Louise O'Reilly: 'Plus size models have to work out too - that's a huge misconception'
Making a name for yourself as a plus-size model takes as much effort as it does for the stereotypical catwalk model - it doesn't mean you don't have to worry about what you eat.
Irish model Louise O'Reilly said people often think that working as a plus-size model means there's no need for working out or watching the scales, but that's not the case.
The Malahide beauty said maintaining your size is all-important for any model, as it's a requirement for securing work.
"I think a big misconception for a lot of people is that, 'Oh, plus-size models don't work out', but a lot of plus-size models work out because it's our job," she said.
"We all look after ourselves because it's important to eat healthy, to look after your skin and all those different elements, so that's one common misconception about plus-size models.
"The main thing is, like for any model, maintaining your measurements, so that applies no matter what size you are."
The 28-year old said the industry has become kinder to models, and that unless you were constantly piling on and then shedding weight erratically, size-change would not cost you your livelihood.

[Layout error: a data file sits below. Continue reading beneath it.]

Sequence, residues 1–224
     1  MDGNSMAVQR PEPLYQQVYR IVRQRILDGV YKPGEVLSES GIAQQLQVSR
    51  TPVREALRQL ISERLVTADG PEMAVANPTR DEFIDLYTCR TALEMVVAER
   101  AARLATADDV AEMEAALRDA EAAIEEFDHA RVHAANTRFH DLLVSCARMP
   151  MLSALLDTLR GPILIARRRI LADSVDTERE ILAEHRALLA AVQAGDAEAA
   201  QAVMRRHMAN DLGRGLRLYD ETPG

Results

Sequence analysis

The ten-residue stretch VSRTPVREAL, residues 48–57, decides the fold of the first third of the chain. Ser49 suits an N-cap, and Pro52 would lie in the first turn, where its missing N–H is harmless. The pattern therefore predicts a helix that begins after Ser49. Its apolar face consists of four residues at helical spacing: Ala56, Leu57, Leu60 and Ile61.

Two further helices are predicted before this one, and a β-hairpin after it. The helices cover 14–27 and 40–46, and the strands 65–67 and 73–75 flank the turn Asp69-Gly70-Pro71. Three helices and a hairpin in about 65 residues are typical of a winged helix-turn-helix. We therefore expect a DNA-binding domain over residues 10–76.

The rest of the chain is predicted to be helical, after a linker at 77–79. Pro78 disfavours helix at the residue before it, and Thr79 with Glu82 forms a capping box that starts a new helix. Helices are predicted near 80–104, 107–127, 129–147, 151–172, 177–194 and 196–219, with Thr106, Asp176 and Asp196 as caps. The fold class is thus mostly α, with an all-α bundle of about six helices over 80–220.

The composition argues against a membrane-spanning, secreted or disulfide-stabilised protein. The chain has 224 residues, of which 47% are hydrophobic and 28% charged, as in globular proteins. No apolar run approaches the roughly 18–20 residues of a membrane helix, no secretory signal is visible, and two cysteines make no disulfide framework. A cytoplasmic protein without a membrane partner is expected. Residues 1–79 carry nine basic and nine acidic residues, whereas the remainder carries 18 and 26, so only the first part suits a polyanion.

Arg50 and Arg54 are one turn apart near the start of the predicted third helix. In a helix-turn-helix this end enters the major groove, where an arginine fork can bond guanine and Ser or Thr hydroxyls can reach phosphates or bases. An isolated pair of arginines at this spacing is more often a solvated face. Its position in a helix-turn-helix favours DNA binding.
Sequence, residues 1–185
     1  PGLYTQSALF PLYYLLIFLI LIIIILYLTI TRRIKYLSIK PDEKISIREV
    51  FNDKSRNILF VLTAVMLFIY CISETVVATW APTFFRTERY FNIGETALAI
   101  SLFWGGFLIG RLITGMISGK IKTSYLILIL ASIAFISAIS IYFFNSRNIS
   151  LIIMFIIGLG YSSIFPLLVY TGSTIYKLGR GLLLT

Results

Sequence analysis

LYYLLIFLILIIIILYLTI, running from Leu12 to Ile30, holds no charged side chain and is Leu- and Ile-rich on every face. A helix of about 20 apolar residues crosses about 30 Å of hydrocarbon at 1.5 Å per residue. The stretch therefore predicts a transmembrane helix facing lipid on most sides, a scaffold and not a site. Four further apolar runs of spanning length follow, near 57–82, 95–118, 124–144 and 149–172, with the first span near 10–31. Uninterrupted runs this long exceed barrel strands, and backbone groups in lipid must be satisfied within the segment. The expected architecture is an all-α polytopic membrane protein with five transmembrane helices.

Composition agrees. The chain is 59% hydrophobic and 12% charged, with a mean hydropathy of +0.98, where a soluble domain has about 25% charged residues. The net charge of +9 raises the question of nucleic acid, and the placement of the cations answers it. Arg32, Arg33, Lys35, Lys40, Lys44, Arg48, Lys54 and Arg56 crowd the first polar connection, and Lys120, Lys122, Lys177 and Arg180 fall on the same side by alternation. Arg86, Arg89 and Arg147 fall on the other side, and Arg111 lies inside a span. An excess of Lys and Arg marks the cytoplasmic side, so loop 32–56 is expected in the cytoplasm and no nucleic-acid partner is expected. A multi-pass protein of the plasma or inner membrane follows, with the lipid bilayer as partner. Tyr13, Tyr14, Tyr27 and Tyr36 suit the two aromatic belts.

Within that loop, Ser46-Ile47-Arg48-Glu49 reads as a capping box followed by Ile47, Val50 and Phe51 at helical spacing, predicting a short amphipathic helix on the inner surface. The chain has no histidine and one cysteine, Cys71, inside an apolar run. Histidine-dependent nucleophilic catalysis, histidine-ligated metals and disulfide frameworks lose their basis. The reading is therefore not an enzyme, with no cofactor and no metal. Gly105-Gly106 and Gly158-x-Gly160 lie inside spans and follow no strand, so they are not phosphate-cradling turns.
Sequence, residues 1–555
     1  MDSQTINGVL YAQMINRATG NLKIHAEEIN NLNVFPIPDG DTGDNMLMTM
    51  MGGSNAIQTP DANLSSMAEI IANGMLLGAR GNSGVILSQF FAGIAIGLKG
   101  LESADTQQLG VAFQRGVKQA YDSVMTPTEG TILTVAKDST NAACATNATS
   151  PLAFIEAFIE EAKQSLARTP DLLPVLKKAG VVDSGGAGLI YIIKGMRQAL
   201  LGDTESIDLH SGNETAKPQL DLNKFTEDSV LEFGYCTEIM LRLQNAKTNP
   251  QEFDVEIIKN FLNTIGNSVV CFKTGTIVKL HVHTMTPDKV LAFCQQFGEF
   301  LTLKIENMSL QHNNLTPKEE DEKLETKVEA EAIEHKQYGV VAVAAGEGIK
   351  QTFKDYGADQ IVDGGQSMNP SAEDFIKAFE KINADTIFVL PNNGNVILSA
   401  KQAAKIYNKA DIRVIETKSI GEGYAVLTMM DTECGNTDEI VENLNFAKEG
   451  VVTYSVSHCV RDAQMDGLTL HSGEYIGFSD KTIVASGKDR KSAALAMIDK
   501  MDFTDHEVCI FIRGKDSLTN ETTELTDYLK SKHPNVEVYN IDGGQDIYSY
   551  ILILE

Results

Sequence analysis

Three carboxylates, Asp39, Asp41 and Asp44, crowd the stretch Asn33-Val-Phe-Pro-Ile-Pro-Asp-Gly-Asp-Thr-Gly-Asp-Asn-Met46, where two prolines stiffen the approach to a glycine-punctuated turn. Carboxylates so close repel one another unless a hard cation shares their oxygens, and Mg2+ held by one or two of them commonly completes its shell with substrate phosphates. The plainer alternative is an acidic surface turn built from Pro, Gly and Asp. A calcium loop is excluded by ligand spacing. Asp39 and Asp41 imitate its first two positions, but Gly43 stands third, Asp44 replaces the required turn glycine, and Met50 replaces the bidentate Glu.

"Things have changed from years ago. It's not like if you were to go up a dress size it's a really big deal - it's not," she said.
"It's just about if you were to go constantly up and down, it would be hard for a client to book you. It's about consistency in measurements."
Louise is one of the best-known Irish models, bagging a campaign last summer as the face of Evans, which has 180 stores in Ireland and the UK, as well as walking in fashion weeks worldwide.
Now her sights are set on one day being able to walk New York Fashion Week.
New York is one fashion event that helps promote body inclusivity, according to Louise, who owns the Style Me Curvy blog, which celebrates body positivity.
"It would be something I'd like to do at some stage. Every year there's something new appearing when it comes to work, even compared to last year. Every month is different, every year is different," she said.
"I love New York, I love going back and forth, so it's definitely something I would consider because the fact is that New York Fashion Week, as a whole, is much more body positive and I would love to see other fashion weeks follow suit.
"It would be great to see more body diversity in London and Milan and places like that. It would be something I hope they would do - take a leaf out of New York's book."